Unlike conventional assessments where learners are asked to recall information, performance-based assessments require learners to actually do something. This means learners have to actually perform a task to prove they have mastered the application of knowledge or skill being evaluated. For instance, an eLearning course on writing would require learners to write an article instead of answering multiple-choice questions about the structure of a paragraph or even grammar, for that matter.
Performance-based Assessments and Formats
Performance-based assessments require learners to perform tasks to demonstrate mastery of knowledge application.
3 Popular Formats of Performance-based Assessments
- Role Plays
Put simply, performance-based assessments need to emulate the kind of tasks learners must perform in real-world contexts. For example, an eLearning course on safety training might require learners to demonstrate their understanding of the first steps to be taken in case of an accident. In this case, even a simple sequencing activity would suffice as a performance-based activity. On the other end of the spectrum, a simulation of the environment will also do.
It is imperative that the performance-based assessments are aligned to the learning objective(s). Consider the example of an eLearning course on how to use Adobe Premiere Pro. The two related learning objectives might be:
- Create a video using Adobe Premiere Pro
- Edit and update (modify) a video using Adobe Premiere
The action verbs here are Create and Modify which fall within the application level of Bloom’s Taxonomy for the Cognitive domain. Therefore, the performance-based assessment should require the learner to apply their knowledge (create or edit a video) to show their level of mastery. Setting clear learning objectives will help specify the exact performance to be assessed, along with the conditions and criteria for performance.
Let’s move on to the three formats for performance-based assessments.
Performance-based Assessments: 3 Potential Formats
eLearning simulations are not only a great way to build practical knowledge through hands-on experience; they also provide an effective form of performance-based assessment. Learners are put in the “thick of things” where they have to perform tasks within a “mimicked” real-world situation.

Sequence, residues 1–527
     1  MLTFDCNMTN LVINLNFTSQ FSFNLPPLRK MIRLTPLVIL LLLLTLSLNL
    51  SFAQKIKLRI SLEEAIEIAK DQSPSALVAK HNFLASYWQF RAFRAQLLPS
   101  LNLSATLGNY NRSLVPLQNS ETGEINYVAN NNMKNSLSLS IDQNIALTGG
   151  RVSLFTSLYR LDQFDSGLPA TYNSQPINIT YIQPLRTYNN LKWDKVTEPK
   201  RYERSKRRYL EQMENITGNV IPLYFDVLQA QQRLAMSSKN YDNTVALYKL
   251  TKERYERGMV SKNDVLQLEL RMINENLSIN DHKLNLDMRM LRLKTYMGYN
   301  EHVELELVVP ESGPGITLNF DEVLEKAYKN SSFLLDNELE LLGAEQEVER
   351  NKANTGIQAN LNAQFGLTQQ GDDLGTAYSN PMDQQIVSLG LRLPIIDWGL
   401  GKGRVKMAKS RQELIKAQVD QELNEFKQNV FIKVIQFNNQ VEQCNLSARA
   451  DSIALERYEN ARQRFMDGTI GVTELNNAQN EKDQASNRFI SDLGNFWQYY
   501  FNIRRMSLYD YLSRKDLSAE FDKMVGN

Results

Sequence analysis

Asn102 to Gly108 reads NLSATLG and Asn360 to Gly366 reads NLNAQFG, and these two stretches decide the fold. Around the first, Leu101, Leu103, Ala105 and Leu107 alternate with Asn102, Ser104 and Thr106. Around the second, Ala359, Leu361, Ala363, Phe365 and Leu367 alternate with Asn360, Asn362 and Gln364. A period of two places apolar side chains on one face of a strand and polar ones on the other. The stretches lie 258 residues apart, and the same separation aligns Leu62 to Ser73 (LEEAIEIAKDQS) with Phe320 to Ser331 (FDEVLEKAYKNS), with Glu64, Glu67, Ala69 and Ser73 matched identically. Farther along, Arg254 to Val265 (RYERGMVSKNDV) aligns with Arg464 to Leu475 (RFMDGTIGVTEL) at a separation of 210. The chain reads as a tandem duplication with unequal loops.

This, in turn, allows you to evaluate how well your employees are putting their knowledge into practice while making decisions in simulated, true-to-life situations. Instead of evaluating your learners’ memorization skills, performance-based assessments using simulations let you check how they apply what they have learned in a real-world context.
For example, an organization wants to teach its HR managers how to input new employee information in their new Human Resource Information System (HRIS) software. The relevant learning objective could be:
Using the HRIS software, input new employee data
Again, the action verb “input” falls within the application level of Bloom’s Cognitive taxonomy. Hence, a simulation-based assessment should be used to evaluate whether learners are able to use the HRIS software (condition) to input new employee data. Learners are required to perform the procedure, instead of merely being assessed with fixed responses such as fill in the blanks, True/False, or matching.
Scenario-based assessments draw on the challenges your learners might face in the real-world. Learners are required to analyze information to reach appropriate conclusions and decide on appropriate action. It’s important that the scenarios depict realistic challenges so that learners relate to them and perform optimally.
Let’s look at an example to understand how scenarios can be used as performance-based assessments. An organization wants its employees to learn about the sales process followed in different branches of the organization across the globe. The relevant learning objective might be:
Compare the sales process followed in the UK with that of US
The action verb “compare” falls within the Evaluation level of Bloom’s taxonomy. In this level, a scenario-based assessment helps you assess learners’ ability to do the same. Learners could be given descriptions of how the needs of local customers were met (UK and US sales case examples) and then required to compare the two sales processes through a presentation or discussion.
3. Role Plays
In role playing activities, learners are required to act out various characters or roles in a given a scenario. How do you use them as performance-based assessments? Here’s an example: An energy organization wants its sales representatives to be able to recommend the best alternative among the three variants of their solar panels to customers. So, the relevant learning objective might be:
Given customer requirements, recommend the best alternative among the three solar panel variants
The action verb “recommend” comes within the Synthesis level in Bloom’s taxonomy. So, the assessment should be able to assess if learners can recommend the best alternative variant. To do so, you can opt for role playing that encourages learners to evaluate decisions from the customer’s perspective. Your learner can be a sales representative who is in a conversation with a customer looking to purchase solar panels. Keeping in mind their requirements, the learner can recommend the best one that suits the client’s requirements.
It’s Wrap Time!
Performance-based assessments are one way to validate that your learners have truly mastered the desired performance. It’s time to go beyond conventional assessments and make them authentic and carefully aligned with the objectives. While these are just three types of performance-based assessments you can choose from, the list is not complete. Would you like to add to it? Please feel free to share.